How will we consume?
Going from a world where all content was served to us curated at a specific time, we have got used to content on-demand. Lately, we have seen an upswing and return of the linear channels, but a bit more modernized. A linear channel is nothing else than a play-list. A virtual linear channel can be a curated play-list, a time-based channel, a personalized channel, a barker channel, or a combination of all.
Pluto TV and Xumo are examples of services with virtual linear channels and we have Samsung TV Plus, Amazon, Roku, and lately Plex and Peacock. According to Omdia, linear TV accounted for 63% of TV viewing in the US in 2019, with similar numbers in Europe including Spain, the UK, Italy, Germany, and France.
The possibility to deliver content as part of virtual channels is a great complement to video on demand or live services.
Bundling and unbundling is the question. Networks, broadcasters, operators, device manufactures, and social media platforms all fight for the aggregator role in the future TV landscape. Like in many other parts, I don’t think that we’ll see a clear winner for some time and the possibility to deliver content in many different ways will still be needed.
Whether to go for a subscription-based or an ad-funded service. Whether to serve content as pay-per-view or transactional. Many options exist and we already see a movement towards direct-to-consumer deliveries where content owners explore the possibility to skip a few steps and deliver directly to the consumer through their own streaming services.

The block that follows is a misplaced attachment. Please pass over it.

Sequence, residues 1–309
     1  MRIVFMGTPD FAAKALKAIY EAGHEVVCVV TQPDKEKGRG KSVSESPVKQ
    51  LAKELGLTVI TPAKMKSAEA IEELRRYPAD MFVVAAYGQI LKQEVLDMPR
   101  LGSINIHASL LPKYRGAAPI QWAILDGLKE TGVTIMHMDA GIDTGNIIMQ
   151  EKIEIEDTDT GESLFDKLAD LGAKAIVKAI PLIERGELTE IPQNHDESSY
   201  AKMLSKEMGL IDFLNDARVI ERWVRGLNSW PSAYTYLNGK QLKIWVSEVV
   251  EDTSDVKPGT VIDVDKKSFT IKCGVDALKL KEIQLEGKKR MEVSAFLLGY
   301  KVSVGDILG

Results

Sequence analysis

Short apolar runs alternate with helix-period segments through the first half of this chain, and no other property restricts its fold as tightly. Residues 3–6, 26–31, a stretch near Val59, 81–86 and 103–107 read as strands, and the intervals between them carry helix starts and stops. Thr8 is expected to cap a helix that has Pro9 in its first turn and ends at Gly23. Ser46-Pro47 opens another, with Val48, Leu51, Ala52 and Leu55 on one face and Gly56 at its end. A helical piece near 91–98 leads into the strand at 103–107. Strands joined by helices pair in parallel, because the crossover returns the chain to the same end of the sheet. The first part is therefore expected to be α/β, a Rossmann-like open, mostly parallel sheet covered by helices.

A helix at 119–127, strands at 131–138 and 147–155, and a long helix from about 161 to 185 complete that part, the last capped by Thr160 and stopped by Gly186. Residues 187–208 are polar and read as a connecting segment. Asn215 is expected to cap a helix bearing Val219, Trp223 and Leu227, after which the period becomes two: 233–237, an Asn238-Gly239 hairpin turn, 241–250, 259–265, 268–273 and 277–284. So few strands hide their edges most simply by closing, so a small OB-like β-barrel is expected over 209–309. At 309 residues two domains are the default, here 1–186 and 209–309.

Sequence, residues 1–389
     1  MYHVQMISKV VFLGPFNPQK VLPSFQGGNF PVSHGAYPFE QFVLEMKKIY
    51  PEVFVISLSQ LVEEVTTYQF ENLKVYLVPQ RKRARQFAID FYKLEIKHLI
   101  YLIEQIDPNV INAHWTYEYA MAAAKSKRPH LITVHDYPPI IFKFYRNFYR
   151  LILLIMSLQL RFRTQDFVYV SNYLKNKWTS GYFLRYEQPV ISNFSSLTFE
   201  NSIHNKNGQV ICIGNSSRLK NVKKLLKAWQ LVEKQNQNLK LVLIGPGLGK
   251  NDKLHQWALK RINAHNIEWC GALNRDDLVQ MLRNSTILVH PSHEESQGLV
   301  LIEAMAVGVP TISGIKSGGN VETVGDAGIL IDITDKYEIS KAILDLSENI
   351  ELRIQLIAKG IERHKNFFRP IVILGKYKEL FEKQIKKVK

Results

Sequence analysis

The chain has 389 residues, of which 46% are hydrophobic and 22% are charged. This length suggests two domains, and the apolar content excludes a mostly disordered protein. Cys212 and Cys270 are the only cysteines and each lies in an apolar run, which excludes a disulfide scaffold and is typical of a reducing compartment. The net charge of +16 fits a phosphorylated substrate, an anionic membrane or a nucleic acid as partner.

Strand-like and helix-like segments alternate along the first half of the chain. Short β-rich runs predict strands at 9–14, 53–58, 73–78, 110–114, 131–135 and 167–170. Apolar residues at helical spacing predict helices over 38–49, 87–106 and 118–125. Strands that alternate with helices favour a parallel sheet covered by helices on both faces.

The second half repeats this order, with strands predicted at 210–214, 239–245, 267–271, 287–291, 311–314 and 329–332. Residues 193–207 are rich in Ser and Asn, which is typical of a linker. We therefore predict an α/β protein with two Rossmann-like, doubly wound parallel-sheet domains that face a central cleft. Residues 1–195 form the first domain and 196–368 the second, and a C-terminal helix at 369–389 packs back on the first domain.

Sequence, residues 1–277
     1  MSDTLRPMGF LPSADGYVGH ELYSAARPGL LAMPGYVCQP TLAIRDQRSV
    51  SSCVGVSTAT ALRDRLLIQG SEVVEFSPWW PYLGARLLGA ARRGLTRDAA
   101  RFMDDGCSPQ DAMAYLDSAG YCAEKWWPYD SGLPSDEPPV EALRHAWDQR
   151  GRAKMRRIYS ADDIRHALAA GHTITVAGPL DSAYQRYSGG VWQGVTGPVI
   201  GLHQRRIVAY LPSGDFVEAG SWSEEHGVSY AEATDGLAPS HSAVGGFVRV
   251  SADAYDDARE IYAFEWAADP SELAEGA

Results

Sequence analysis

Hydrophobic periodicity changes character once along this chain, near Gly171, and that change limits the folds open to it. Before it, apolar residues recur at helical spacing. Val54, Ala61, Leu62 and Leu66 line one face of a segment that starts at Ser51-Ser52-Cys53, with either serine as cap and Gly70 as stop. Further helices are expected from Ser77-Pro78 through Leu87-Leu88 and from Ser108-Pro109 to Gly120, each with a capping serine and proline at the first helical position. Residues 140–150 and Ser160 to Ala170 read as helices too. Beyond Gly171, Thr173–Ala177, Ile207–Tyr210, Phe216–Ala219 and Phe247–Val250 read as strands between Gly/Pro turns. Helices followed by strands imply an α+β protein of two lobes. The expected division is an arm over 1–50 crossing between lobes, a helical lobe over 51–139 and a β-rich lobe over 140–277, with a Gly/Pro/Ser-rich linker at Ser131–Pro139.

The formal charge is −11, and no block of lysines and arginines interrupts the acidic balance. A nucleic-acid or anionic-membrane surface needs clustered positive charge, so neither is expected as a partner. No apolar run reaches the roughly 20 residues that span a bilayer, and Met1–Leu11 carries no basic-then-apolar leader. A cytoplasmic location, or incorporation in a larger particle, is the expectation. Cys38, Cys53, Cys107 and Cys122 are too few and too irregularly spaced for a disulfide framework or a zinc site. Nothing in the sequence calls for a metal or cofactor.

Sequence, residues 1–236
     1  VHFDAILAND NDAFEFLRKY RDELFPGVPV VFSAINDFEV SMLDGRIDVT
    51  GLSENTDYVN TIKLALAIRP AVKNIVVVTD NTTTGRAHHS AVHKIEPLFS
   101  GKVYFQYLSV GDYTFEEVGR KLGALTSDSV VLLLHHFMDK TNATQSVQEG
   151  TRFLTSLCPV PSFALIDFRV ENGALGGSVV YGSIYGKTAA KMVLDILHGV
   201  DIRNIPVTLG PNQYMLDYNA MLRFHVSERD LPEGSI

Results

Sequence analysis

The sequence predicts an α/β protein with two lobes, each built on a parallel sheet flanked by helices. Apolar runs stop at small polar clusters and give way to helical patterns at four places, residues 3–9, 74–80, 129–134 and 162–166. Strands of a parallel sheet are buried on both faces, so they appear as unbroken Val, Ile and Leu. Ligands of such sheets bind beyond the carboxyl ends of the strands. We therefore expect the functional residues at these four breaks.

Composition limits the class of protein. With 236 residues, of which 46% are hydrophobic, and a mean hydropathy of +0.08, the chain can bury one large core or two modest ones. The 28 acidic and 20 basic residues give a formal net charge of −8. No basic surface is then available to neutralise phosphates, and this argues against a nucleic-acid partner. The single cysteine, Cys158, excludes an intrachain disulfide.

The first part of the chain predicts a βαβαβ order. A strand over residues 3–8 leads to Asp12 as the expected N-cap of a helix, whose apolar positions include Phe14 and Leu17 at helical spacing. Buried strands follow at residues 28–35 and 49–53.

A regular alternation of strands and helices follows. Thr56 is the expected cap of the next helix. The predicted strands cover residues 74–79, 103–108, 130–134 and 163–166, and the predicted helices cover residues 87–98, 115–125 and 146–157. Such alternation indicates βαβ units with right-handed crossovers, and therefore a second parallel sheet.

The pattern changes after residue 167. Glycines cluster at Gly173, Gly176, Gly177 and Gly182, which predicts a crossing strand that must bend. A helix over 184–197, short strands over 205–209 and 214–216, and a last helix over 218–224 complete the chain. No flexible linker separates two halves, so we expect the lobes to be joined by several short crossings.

As you can see, in many cases it will not be a case of either-or, it will be a calculation of how to reach as many possible viewers as possible.
Even if you already have an established offering or about to launch a new service or product, agility and innovation will be the key to success. Consumers of video will be more volatile, and you constantly need to be one step ahead of your competitors. Ensure that the service or product that you develop will stay relevant also tomorrow.
Create content, services, or products in a way that it can be packaged in many different ways, handle different monetization options, and built for global scale as well as local adaptions.
To watch out for the coming months…
Most sports leagues have started up again and it’s very interesting to follow the technical progress and innovation in the way that it’s delivered to our living rooms. A lot has happened in just a few months, but there is still a way to go when it comes to fan engagement, quality of experience, and latency.
A bit the same with online conferences, webinars, and virtual meeting places. Most physical events have been pushed to next year and it might very well be that we never will be back to events in the same way as before the pandemic. I don’t think that technology will be able to fully replace meeting people face to face, but we can do a lot better than today.
Magnus Svensson is a Media Solution Specialist and partner at Eyevinn Technology. Eyevinn Technology is the leading independent consulting company specializing in video technology and media distribution.